Is Mr. Burns Actually the Norwegian Billionaire Fred. Olsen?

Mr. Burns and Fred. OlsenUrban myth: The Norwegian ship owner Thomas Frederik Olsen (86), aka Fred. Olsen, is the inspiration for Simpsons character Charles Montgomery Burns (104, in most episodes). True or false? Creator Matt Groening gives you the answer.

It is claimed that Simpsons creator Matt Groening struggled to develop the “local rich guy” when he established the characters in the popular TV series.

When Groening needed inspiration as most, a much-discussed man in the United States inspired him – that is if we are to believe the legends and vague confessions. The man was Fred. Olsen, who at the time was in the news in connection with watchmaker company Timex.

In an earlier interview with the ship owner, Fortune magazine wrote that even Olsen himself believed he had been the inspiration for the Burns character

Groening (whose mother was a Norwegian-American), however, denies that there is any connection.

– Any resemblance between Burns and Olsen totally coincidental, Groening wrote in an e-mail to Fortune magazine.

When the magazine confronted Olsen with Groening’s statement, he was relieved.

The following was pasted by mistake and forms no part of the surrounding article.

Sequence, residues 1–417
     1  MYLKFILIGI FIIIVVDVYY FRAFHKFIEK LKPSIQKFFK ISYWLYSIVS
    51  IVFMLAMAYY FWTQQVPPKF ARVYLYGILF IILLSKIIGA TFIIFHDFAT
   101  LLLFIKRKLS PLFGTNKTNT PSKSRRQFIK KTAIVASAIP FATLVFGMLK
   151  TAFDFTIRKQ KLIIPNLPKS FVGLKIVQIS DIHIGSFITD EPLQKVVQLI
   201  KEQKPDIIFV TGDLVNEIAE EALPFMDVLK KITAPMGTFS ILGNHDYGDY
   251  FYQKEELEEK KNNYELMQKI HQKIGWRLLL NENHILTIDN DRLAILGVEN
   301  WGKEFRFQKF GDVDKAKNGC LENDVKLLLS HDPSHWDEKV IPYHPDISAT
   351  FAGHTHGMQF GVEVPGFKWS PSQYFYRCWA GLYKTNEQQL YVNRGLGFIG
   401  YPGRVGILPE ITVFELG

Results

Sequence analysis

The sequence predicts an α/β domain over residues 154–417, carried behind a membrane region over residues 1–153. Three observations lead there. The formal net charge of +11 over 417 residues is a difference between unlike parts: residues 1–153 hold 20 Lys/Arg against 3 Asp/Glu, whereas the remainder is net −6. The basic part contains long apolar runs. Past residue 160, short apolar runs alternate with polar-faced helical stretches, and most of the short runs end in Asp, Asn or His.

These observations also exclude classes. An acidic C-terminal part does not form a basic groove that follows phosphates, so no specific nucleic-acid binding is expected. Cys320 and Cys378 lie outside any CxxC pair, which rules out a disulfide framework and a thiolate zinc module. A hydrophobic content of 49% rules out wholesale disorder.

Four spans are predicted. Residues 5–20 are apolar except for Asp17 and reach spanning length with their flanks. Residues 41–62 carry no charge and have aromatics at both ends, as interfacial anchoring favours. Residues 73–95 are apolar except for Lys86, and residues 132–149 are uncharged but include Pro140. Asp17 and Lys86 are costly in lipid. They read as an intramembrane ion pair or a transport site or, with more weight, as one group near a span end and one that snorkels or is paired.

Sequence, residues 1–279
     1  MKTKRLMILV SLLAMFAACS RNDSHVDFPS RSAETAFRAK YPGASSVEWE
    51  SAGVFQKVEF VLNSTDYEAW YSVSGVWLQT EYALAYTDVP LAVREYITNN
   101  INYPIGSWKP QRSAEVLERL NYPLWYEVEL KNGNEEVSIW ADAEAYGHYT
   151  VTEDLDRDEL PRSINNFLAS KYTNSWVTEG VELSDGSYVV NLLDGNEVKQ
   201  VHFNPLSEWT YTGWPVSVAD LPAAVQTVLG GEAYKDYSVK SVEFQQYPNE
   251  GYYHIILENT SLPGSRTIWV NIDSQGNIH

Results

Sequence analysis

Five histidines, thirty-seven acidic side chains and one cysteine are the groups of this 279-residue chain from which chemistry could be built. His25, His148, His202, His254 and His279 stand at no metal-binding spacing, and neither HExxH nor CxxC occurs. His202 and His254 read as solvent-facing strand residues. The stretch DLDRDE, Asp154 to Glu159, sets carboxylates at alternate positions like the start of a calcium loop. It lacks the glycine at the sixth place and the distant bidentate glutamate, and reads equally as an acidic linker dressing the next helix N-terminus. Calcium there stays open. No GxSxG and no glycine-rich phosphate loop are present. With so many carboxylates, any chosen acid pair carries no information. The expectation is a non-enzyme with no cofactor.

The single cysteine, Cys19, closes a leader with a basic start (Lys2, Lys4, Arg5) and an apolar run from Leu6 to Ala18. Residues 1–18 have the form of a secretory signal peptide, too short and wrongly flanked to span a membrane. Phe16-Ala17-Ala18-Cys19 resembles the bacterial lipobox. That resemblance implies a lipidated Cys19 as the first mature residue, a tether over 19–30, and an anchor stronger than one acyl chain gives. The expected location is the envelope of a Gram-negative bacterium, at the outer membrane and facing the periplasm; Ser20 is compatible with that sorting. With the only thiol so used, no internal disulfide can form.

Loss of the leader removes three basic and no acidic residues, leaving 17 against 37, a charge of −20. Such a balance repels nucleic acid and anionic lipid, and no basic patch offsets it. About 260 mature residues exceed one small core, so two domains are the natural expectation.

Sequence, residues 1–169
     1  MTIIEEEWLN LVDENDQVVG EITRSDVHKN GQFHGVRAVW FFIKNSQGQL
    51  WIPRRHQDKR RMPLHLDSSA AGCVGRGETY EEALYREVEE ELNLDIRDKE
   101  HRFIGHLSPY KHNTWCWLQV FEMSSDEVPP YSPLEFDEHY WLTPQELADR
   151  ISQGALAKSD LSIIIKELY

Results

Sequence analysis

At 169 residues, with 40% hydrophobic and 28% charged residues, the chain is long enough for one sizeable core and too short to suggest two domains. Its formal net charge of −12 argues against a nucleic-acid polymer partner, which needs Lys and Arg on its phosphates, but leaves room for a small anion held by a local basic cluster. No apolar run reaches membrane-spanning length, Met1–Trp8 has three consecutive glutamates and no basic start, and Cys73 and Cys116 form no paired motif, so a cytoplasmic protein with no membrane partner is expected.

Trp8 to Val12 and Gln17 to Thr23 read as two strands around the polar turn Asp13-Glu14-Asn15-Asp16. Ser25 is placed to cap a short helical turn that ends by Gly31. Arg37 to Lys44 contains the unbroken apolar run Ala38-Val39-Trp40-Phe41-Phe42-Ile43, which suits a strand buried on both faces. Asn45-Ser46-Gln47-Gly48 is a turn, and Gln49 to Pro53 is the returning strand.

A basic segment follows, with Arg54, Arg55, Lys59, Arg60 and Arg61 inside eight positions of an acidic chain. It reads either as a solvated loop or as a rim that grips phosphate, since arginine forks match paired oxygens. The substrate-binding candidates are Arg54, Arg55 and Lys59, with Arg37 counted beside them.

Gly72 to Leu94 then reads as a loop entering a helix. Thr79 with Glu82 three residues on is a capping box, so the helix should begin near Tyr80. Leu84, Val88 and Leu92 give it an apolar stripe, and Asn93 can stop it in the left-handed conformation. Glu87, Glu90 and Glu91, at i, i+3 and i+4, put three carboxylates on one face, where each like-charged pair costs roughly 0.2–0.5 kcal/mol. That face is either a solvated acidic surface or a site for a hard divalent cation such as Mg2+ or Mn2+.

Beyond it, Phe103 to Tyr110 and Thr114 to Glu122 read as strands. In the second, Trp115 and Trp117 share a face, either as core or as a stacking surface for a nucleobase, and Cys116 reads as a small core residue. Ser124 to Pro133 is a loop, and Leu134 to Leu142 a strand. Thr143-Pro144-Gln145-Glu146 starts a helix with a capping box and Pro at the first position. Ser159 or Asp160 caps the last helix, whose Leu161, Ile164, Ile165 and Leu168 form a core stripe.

– I am thankful!, Olsen responded.

In the Simpsons series, Mr. Burns is portrayed as an evil and emotionless man. He has no respect for neither employees, the environment nor safety instructions. Burns owns and operates Springfield’s nuclear power plant.

Olsen, however, has invested in renewable energy through his company Fred. Olsen Ocean, which rents out equipment for constructing wind farms offshore. In addition, his wealth consists of among other companies in shipping and oil as well as watch manufacturer Timex.

According to the Norwegian financial magazine Kapital, Fred. Olsen is the 13th wealthiest in Norway. He rarely gives interviews in the media.

– My lack of a formal education is a terrific advantage. I am not held back by academic constraints. I think more broadly, and worry about the engineering details later, Olsen told Fortune magazine.

Instead of following in his father’s footsteps with higher education at Cambridge, he sailed around the world for two years and labored in lowly positions.

– That was better than an MBA, better than an engineering degree. No diploma can compare with that education, Olsen said.

 

Text modified by: Anette Broteng Christiansen, ThorNews

Source and photo: Aftenposten

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Categories: Culture, Film & TV, Quirky

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